The Jets' Herm Edwards went for two trailing, 14-9, in the third quarter last week against San Francisco. He went for two again leading, 15-14, and failed again. If he had just kicked the two extra points, he would have had the 17-14 edge. Ultimately, the Jets won anyway, 22-14.

Just run it

Coaches getting too cute in short yardage is another legitimate pet peeve of fans. Take Jaguars coordinator Bill Musgrave last week in Kansas City. Trailing, 16-14, with a little over four minutes left, the Jags had second-and-1 at their own 33. They called two straight pass plays, and both fell incomplete. They went for it on fourth down because they were out of timeouts and threw another incomplete pass. Kansas City took over at the 33, failed to get a first down and missed a field-goal try. Then Byron Leftwich drove the Jags to the winning TD in the final two minutes.

Flutie's BoSox

Chargers third-string QB Doug Flutie jokingly suggested this week he should retire Saturday,then rejoin his club today so he could go watch Game One of the World Series. Flutie often wears Red Sox garb.

"I used to ride out there to the games when I was kid,'' said the former Natick, Mass., resident. "For $10 we could take (public transportation), get a bleacher ticket and have a couple of bucks left over."

Flutie doesn't drink alcohol but still celebrated Boston's pennant-clinching win in a big way. "I had a couple of extra soft drinks," he said, "and a brownie."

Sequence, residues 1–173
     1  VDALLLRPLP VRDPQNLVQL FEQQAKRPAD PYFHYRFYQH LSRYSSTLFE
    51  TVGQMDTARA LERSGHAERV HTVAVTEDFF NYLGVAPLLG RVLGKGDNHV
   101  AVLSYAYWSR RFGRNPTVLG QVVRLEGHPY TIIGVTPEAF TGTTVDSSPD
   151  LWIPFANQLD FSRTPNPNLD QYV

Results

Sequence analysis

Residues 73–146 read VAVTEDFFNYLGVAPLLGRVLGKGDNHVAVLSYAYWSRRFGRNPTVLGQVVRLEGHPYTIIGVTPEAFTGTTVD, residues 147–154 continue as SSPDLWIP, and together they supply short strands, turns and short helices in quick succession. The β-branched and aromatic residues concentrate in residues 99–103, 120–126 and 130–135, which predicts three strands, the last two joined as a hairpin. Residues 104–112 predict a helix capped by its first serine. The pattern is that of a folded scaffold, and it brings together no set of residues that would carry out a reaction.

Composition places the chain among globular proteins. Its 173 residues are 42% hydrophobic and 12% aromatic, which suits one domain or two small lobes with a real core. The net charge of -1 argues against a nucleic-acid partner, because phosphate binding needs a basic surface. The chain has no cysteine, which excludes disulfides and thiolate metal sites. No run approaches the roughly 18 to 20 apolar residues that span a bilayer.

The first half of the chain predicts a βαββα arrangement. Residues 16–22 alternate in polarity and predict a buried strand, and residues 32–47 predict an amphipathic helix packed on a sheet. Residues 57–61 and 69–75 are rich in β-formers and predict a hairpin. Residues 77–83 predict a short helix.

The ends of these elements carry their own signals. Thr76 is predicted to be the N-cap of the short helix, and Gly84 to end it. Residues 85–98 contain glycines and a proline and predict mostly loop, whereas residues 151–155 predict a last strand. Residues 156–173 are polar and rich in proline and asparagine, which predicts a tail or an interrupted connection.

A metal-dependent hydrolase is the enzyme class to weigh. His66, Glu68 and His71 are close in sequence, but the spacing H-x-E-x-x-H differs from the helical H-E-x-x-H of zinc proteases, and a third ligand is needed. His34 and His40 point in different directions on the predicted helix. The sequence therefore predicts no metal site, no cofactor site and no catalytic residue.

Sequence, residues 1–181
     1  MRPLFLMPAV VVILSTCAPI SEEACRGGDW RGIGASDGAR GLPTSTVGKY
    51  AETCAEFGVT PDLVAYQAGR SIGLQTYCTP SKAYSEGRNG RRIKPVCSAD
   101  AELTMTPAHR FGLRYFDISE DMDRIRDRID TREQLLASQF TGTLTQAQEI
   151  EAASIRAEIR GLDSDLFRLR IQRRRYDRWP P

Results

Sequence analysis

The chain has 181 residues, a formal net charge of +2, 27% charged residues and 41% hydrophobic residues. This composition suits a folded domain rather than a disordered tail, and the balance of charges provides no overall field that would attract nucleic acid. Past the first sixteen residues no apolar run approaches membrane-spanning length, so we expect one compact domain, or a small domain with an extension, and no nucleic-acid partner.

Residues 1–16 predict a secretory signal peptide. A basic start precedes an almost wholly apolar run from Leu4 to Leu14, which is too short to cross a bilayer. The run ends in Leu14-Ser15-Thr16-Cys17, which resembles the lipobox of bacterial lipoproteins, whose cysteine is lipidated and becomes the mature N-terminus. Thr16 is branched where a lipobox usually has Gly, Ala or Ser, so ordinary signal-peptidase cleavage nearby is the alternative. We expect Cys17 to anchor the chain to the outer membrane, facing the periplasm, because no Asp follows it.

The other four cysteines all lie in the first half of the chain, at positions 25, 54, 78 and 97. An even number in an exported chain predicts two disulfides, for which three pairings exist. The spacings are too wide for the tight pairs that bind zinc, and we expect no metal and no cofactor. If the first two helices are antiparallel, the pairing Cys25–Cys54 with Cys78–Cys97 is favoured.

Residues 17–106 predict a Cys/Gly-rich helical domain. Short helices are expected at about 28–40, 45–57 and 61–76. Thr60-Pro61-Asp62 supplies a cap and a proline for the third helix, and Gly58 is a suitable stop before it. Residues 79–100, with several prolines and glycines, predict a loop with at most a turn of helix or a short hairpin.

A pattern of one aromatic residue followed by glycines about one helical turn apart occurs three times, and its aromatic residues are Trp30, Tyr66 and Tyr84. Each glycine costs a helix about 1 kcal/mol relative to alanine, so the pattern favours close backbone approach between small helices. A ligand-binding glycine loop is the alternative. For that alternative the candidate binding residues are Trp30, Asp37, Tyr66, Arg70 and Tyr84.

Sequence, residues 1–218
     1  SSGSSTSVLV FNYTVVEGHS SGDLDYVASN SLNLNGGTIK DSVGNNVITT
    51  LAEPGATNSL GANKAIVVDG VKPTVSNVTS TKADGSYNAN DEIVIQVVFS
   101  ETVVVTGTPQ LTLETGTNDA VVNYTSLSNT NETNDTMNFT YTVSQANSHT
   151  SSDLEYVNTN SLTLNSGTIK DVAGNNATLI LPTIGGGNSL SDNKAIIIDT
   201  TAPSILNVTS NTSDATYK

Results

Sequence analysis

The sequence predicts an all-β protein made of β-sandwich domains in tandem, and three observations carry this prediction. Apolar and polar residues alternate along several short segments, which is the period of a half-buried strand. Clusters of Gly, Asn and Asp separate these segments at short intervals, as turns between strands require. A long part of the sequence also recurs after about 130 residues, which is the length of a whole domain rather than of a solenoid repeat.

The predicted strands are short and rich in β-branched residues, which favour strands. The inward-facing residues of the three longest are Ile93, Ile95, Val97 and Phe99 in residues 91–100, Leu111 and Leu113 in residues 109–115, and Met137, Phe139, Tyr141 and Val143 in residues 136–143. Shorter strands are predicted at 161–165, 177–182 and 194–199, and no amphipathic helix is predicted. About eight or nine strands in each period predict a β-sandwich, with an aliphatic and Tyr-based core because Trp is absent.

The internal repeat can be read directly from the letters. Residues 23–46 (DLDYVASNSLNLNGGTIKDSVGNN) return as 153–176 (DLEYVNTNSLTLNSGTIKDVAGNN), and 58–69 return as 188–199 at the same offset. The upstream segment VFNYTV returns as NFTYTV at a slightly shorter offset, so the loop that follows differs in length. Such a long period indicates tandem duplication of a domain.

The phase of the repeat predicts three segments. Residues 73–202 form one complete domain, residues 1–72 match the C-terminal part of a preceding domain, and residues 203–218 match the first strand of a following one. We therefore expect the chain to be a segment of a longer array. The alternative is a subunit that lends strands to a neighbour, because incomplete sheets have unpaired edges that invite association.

Peerless quiet

Ex-Bill Peerless Price so far has been slow to develop a connection with Michael Vick as the favorite receiver in Atlanta. Price caught a 50-yard pass last week but still has just 17 catches for 269 yards. He's tied for 35th in the NFC in receptions. Vick, adjusting to the West Coast offense, has been dumping frequently to tight end Alge Crumpler and fullback Justin Griffin. Still, one would think Vick would be going to Price more often.

Player to watch

Ravens DE Marques Douglas, No. 94, 6-foot-2, 290 pounds; free agent in 1999:

Douglass plays in the shadow of all the other Ravens' stars but has had excellent production as a starter the past year and a half. He was sixth on the Ravens with 89 tackles last year and is third with 33 this year. He's due to become a free agent and could be a value signing. It will be interesting to see if the Bills can run to the left, his side. Adalius Thomas is the outside backer behind him. Douglas is a graduate of Howard University and won the Ravens' Ed Block Courage Award last year. Said Bills line coach Jim McNally: "He's a short, squatty guy, very athletic and quick. He changes directions and gets off blocks well."


Few No. 1 picks are busting as much as Chiefs running back Larry Johnson, the top choice in 2003. Johnson has 20 carries in a year and a half and did not see his wish for a trade granted this week. So when he came to work Wednesday he found teammates had put yellow caution tape -- the kind seen at a crime or disaster scene -- all over his locker. Johnson was mad about the lack of a trade, humored by the joke.

"You can't do too much when you have an offensive coordinator who doesn't trust you and a head coach who never wanted you in the first place," Johnson told the Kansas City Star.

Onside kicks

The Eagles have an 11-1 record of recovering onside kicks under Andy Reid. He opened the second half last week with a successful one versus Carolina.

The Saints' sieve-like defense is allowing opposing QBs to complete 66.5 percent of their passes for an efficiency rating of 100.3.

Hard to believe, but the Pats-Jets game is the latest time in a season that two unbeaten teams have played since Oct. 28, 1973, when the Vikings and Rams matched 6-0 records. Way back in 1921, the Buffalo All-Americans (6-0) met the Akron Pros (7-0).

This is a good time for Chicago fans to recall the Bears traded down in the first round of the 1999 draft, passing up Daunte Culpepper to take Cade McNown.